KraussMaffei AG showed off its core strength at K 2010: technology that can combine several processes to make plastic parts.
The Munich-based firm makes injection molding machines, extruders and reaction processing equipment for processing polyurethane. Examples of all three were on display at KraussMaffei's K show booth in Dusseldorf, and officials outlined the combinations of technologies during a press conference Oct. 27.
CEO Dietmar Straub said the firm, which includes the KraussMaffei, KraussMaffei Berstorff and Netstal brands, generated sales of about 754 million euros ($1.03 billion) for its fiscal 2010, which ended Sept. 30.
At K 2010, KraussMaffei displayed machines running ColorForm, SpinForm, CleanForm, CoverForm and FiberForm.
The ColorForm process, introduced at K 2010, painted parts with a high-gloss surface, inside the mold on a press running a SpinForm system where two mold faces rotate between two injection units.
The show-floor press an MX machine with 1,000 metric tons of clamping force, molded an ABS case with a soft-touch surface of thermoplastic polyurethane finished with a high-gloss blue coating. A RimStar Nano metering system applied the polyurea coating inside the closed mold. Total cycle time was about 68 seconds.
ColorForm can completely replace conventional painting, including extra steps of pre- and post-painting work, said Frank Peters, a member of the machinery maker's managing board.
The ColorForm process developed by KraussMaffei is an absolute world premier, Peters said at the press conference.
KM also demonstrated its clean room technology called CleanForm, which was molding sterile polypropylene syringes straight from the 160-tonne all-electric EX machine. The press was housed in a portable clean room. A six-axis KR16 robot removed syringes from the 48-cavity mold, in a staged drop, to represent cavity separation, pack- aging and sealing processes.
Manufacturing costs can be cut by as much as 25 percent, for instance, if the de-molded parts are immediately transferred to sterile packaging, said Karlheinz Bourdon, director of KM's injection molding machinery division.
Parts would have to be packaged right away at the press. Otherwise, the parts would have to be re-sterilized.
Bourdon said the process is not commercial yet. But there's a great deal of interest, he said.
In another demonstration, an all-electric AX press molded polycarbonate LED lights encapsulated with PU so high-pressure reaction injection molding and injection molding join forces. The parts are ready to assemble after four minutes 50-90 percent faster than other methods.
Bourdon said the CoverForm process can replace conventional glass components by molding transparent, scratch-resistant acrylic coatings inside the mold to automotive plastic parts in a single shot, instead of the 14 process steps that had been required. Process integration yields cost reductions of up to 30 percent, he said.
KraussMaffei and German acrylic supplier Evonik RÃ¶hm GmbH developed CoverForm. At K, a KM injection press molded an automotive mirror.
The machinery maker again combined processes to make a composite-laminate test part to show off a possible lightweight and structural automotive application. In Dusseldorf, KM used an IMC injection molding compounder in which a Berstorff compounding extruder fed material directly to a 300-tonne injection molding machine.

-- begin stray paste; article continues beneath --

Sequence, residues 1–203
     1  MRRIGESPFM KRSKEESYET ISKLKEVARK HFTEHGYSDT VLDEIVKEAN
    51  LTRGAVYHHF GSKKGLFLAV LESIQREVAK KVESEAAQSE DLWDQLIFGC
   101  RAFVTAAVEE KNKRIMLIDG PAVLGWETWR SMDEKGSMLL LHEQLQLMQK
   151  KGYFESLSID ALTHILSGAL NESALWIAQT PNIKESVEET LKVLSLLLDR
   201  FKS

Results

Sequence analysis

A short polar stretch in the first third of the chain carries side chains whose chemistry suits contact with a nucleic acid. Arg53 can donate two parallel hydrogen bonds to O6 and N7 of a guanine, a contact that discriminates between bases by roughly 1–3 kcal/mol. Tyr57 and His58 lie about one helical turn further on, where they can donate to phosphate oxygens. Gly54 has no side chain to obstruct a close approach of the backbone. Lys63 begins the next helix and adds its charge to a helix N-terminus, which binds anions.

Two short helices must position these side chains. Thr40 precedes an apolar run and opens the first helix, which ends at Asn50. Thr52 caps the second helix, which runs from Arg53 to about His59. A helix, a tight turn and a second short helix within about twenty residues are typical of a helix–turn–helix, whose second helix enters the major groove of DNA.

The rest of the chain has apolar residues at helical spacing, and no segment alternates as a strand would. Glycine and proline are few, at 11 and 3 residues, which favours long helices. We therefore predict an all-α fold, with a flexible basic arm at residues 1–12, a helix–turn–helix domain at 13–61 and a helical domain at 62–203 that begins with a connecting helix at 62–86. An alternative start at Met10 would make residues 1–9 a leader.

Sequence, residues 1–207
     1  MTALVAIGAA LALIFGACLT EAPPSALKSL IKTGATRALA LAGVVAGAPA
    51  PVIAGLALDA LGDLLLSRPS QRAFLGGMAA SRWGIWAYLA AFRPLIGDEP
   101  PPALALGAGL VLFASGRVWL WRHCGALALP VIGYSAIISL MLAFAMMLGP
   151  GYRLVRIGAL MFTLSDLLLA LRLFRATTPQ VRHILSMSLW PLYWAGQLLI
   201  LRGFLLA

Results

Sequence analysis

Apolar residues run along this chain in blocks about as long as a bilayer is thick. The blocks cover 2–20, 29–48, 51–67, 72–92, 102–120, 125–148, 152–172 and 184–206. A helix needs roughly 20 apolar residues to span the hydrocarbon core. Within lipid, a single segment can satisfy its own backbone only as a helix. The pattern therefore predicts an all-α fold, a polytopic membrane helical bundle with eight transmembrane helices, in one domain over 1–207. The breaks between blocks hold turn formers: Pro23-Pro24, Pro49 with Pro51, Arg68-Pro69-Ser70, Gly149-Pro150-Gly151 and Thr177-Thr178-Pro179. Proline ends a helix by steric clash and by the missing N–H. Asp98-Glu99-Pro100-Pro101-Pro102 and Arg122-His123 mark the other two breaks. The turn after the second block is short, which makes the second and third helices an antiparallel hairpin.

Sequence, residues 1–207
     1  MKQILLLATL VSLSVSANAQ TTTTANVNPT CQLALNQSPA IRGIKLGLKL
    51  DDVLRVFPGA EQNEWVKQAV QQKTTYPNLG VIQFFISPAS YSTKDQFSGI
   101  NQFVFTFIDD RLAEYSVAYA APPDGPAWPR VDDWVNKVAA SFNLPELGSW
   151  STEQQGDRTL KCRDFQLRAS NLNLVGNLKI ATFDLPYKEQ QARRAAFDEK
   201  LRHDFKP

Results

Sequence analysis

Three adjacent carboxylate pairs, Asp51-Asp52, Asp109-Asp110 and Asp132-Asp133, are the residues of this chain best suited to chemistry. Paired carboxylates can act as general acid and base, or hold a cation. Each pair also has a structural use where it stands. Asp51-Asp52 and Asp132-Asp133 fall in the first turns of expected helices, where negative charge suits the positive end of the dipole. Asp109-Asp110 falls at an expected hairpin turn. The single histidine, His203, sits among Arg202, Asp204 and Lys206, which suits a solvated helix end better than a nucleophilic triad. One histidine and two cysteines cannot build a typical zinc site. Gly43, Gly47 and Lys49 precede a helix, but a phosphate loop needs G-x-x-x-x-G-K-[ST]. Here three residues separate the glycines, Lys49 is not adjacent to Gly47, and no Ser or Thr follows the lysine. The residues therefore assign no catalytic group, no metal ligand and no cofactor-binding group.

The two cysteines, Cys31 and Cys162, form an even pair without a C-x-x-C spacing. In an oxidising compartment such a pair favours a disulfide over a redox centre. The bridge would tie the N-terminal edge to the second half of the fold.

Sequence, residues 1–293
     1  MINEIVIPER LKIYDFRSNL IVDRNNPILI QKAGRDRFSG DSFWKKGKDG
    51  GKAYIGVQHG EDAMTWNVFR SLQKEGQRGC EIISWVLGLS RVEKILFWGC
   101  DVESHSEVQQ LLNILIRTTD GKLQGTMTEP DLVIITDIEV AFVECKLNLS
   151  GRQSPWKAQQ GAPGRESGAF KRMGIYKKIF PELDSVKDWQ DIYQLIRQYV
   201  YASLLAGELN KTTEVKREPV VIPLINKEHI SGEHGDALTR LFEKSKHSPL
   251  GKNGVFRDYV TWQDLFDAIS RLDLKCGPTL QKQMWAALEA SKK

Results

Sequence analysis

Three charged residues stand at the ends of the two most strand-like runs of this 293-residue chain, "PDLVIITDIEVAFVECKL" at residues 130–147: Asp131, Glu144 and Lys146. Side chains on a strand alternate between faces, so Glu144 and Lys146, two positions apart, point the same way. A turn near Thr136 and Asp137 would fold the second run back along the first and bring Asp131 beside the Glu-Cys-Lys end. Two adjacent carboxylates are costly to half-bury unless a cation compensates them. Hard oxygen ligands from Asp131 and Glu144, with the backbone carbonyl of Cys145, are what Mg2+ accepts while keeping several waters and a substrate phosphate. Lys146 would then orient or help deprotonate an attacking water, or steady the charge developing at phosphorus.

In a demonstration of the FiberForm process, unformed organic sheet blanks were automatically placed in the mold, thermoformed and then back-injected with glass-fiber-reinforced nylon. An LRX 150 linear robot removed the parts, which require no trimming.
Peters said FiberForm can give weight savings of up to 20 percent from traditional structural parts. That's an important consideration for automakers under pressure to boost mileage, especially for electric cars, he said.
KraussMaffei Berstorff GmbH showed several extrusion innovations:
* In a world introduction at K, the company rolled out a universal pipe extruder for its 36D series of single-screw extruders. Customers have the option of a gearless drive system and a water-cooled high-torque synchronous motor.
The universal feature means the extruder can run a range of standard polyolefins, as well as polybutylene, ABS, regrind and masterbatches.
* Production of optically clear film and sheet from dried and undried PET including amorphous PET, glycol PET and ground PET made from bottles and edge trim using a PlanetCalander tied to a co-rotating twin-screw ZE-UTX or ZE-UT extruder. There is no need to crystallize or pre-dry the PET.
One application could be clear sides for bus stops, said Hans Ulrich Golz, the new CEO of KraussMaffei Berstorff in Hanover, Germany.
* A twin-screw ZE 60 UTX that dries natural fibers and biomaterials right in the extruder, with no need for pre-drying the material. To increase heating performance in the homogenizing section, the company added a special barrel housing with higher heating capacity. The number of heating cartridges was increased while the distance to the processing chamber was reduced. All homogenizing barrel sections are insulated to decrease consumption of heating energy by about 30 percent.
A degassing zone in the vacuum processing zone has a vent port stuffer.
* A production system to make pressure pipe from cross-linked polyethylene and peroxide, activated by infrared light. The PE-Xa pipe has special properties, making it suitable for trenchless installation and for laying without sand beds.
KraussMaffei Berstoff supplies the complete system, incorporating KMD 63 K/R conical twin-screw extruders for single-layer or multilayer pipe. Thin layers of bonding agent and an oxygen barrier can be applied to the basic PE-Xa pipe.